Short for Hypertext Transfer Protocol, HTTP is a set of standards that allow users of the World Wide Web to exchange information found on web pages. When accessing any web page entering http:// in front of the address tells the browser to communicate over HTTP. For example, the URL for Computer Hope is https://www.computerhope.com. Today's browsers no longer require HTTP in front of the URL since it is the default method of communication. However, it is kept in browsers because of the need to separate protocols such as FTP.
Below are a few of the major facts on HTTP.
- The term HTTP was coined by Ted Nelson.
- HTTP is a "stateless" protocol, meaning that every packet can be understood in isolation from any other, without the provision of additional session data.
- The standard port for HTTP connections is port 80.
- HTTP/0.9 was the first version of the HTTP, and was introduced in 1991.
- HTTP/1.0 is specified in RFC 1945, and was introduced in 1996.
- HTTP/1.1 is specified in RFC 2616, and was officially released in January 1997.
- HTTP/2 is specified in RFC 7540, and was officially released on May 14, 2015. It improves page load times in the browser by compressing HTTP headers, and prioritizing and multiplexing data requests.
- HTTP/3 is specified in a proposed RFC, with the goal of reducing data congestion by transmitting control messages over UDP. It was first supported in Chrome version 79 released on December 10, 2019, and Firefox version 72.0.1, released on January 8, 2020.
HTTPS (encrypted HTTP)
HTTPS, which stands for Hypertext Transfer Protocol Secure, is a protocol for transmitting HTTP over a connection that is encrypted by TLS (transport-layer security). HTTPS is used to protect transmitted data from eavesdropping. It's the default protocol for conducting financial transactions on the web, and can protect a website's users from censorship by a government or an ISP.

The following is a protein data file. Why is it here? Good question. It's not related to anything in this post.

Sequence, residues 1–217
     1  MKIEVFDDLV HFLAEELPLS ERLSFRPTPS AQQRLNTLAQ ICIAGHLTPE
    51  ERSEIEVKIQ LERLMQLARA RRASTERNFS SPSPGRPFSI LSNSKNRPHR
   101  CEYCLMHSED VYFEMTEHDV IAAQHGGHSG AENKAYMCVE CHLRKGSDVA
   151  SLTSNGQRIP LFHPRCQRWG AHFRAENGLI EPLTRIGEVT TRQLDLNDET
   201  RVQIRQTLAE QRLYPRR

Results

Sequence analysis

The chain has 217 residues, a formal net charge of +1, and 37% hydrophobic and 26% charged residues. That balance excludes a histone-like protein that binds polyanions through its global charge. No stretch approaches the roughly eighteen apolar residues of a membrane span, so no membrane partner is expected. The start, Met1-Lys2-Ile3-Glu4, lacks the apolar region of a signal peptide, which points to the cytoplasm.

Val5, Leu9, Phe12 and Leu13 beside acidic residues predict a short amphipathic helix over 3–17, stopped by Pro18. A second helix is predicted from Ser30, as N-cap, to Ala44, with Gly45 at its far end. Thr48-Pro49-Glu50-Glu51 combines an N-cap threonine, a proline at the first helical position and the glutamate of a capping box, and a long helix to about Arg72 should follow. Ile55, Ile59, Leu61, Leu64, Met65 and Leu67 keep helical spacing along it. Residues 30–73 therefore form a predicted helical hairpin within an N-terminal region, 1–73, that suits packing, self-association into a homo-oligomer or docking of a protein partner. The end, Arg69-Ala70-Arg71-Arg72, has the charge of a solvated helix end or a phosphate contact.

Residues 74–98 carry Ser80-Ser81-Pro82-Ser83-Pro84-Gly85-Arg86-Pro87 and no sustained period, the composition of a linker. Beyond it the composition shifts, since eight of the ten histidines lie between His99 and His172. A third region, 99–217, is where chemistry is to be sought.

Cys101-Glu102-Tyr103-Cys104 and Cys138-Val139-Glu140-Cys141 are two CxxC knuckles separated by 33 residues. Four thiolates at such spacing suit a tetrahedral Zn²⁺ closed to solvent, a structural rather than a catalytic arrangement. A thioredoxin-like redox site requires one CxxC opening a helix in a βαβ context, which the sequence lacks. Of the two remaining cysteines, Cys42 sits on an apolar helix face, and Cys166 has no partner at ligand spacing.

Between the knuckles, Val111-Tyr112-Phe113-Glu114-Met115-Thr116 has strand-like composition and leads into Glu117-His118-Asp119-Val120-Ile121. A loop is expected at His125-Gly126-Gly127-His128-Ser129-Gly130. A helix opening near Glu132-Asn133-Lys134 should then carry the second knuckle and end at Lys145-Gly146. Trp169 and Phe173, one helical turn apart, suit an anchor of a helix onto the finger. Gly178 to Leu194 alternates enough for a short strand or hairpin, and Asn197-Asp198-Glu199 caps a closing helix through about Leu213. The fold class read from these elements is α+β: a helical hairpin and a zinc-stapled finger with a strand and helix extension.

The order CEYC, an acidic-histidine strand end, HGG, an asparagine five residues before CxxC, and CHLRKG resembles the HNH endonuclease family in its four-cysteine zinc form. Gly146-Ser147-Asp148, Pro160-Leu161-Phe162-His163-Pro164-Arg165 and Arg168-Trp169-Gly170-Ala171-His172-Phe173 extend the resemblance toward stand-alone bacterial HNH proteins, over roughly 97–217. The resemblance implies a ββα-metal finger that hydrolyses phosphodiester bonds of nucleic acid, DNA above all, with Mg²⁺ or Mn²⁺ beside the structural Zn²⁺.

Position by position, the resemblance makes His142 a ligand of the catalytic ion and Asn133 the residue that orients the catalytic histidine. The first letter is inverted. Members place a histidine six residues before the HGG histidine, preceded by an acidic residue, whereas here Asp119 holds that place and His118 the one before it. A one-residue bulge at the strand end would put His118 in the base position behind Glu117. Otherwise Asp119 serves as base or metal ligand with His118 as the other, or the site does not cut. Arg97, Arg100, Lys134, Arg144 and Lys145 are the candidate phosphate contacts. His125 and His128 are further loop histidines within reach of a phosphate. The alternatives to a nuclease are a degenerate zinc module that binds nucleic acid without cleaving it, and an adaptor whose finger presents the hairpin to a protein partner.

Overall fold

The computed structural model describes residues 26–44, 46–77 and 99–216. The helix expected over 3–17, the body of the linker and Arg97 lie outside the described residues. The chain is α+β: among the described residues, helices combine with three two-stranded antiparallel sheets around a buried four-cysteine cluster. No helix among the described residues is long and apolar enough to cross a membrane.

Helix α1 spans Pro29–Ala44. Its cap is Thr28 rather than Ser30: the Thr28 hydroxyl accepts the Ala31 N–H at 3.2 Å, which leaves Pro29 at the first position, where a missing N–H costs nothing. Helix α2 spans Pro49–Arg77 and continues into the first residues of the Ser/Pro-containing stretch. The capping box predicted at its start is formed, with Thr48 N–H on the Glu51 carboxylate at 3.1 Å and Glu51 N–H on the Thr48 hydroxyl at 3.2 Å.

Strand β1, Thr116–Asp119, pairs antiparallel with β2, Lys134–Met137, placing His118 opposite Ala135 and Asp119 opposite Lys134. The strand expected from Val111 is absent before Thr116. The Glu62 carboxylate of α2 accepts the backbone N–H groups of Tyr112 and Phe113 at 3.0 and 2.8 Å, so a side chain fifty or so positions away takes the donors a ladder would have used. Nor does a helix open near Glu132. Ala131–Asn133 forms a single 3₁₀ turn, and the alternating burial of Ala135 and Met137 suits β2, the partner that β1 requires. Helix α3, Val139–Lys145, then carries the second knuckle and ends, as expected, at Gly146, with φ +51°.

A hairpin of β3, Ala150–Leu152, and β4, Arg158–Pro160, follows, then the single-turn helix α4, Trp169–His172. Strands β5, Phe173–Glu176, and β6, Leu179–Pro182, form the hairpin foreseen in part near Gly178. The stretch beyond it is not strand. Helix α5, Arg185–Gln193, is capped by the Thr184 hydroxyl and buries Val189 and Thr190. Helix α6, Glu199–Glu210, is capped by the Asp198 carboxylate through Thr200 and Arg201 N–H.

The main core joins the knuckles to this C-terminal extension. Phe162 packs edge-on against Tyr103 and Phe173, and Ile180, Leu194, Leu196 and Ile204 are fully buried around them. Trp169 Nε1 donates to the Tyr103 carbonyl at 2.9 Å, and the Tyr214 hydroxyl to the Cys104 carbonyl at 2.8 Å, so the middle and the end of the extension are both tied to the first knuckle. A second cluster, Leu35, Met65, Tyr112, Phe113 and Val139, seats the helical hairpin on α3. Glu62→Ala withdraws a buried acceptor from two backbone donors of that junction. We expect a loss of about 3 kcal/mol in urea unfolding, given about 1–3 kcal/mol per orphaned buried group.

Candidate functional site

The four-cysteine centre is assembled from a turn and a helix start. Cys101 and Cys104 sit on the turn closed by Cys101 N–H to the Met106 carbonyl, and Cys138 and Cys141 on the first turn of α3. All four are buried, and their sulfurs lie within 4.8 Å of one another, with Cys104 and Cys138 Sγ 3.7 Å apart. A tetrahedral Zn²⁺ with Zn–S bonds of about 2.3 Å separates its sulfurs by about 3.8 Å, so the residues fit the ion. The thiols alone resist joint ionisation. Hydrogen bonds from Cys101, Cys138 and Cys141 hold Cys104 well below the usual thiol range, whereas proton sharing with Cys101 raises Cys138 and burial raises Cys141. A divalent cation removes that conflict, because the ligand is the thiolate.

- HTTPS uses port 443 to transfer its information.
- HTTPS is first used in HTTP/1.1 and is defined in RFC 2616.
An https website has a URL that begins with https (like https://www.computerhope.com/). For browsers that do not show the front of the URL (e.g., Chrome) a lock icon or shield icon is shown. Also, you can double-click the URL on a computer to show the full URL.
What is S-HTTP?
Short for Secure HTTP, S-HTTP is an HTTP extension first developed in 1995 for allowing a secure (encrypted) method of transmitting files and messages between the client and server. Unlike SSL (secure sockets layer), S-HTTP allows the client to send a certificate as a form of authentication on a single message without establishing a secure connection first.
S-HTTP should not be confused with HTTPS. HTTPS is establishing a secure connection between two computer. S-HTTP is designed to send individual messages securely.
What are HTTP status codes?
Below is a listing of HTTP status codes currently defined by Computer Hope. These codes are error messages that allow a client accessing another computer or device over HTTP to know how to proceed or not proceed. For example, 404 tells the browser the request does not exist on the server.
These codes are also sometimes called HTTP return codes and web browser codes.
|1xx - 2xx||3xx - 4xx||5xx|
101 (Switch protocols)
204 (No content)
205 (Reset content)
206 (Partial content)
|301 (Moved permanently)
302 (Moved temporarily)
304 (Loaded Cached copy)
307 (Internal redirect)
400 (Bad request)
401 (Authorization required)
402 (Payment required)
404 (Not found)
405 (Method not allowed)
406 (Not acceptable)
407 (Proxy authentication required)
408 (Request timeout)
411 (Length required)
412 (Precondition failed)
413 (Request entity too large)
414 (Request URI too large)
415 (Unsupported media type)
416 (Request range not satisfiable)
417 (Expectation failed)
422 (Unprocessable entity)
424 (Failed dependency)
|500 (Internal server error)
501 (Not Implemented)
502 (Bad gateway)
503 (Service unavailable)
504 (Gateway timeout)
505 (HTTP version not supported)
506 (Variant also negotiates)
507 (Insufficient storage)
510 (Not extended)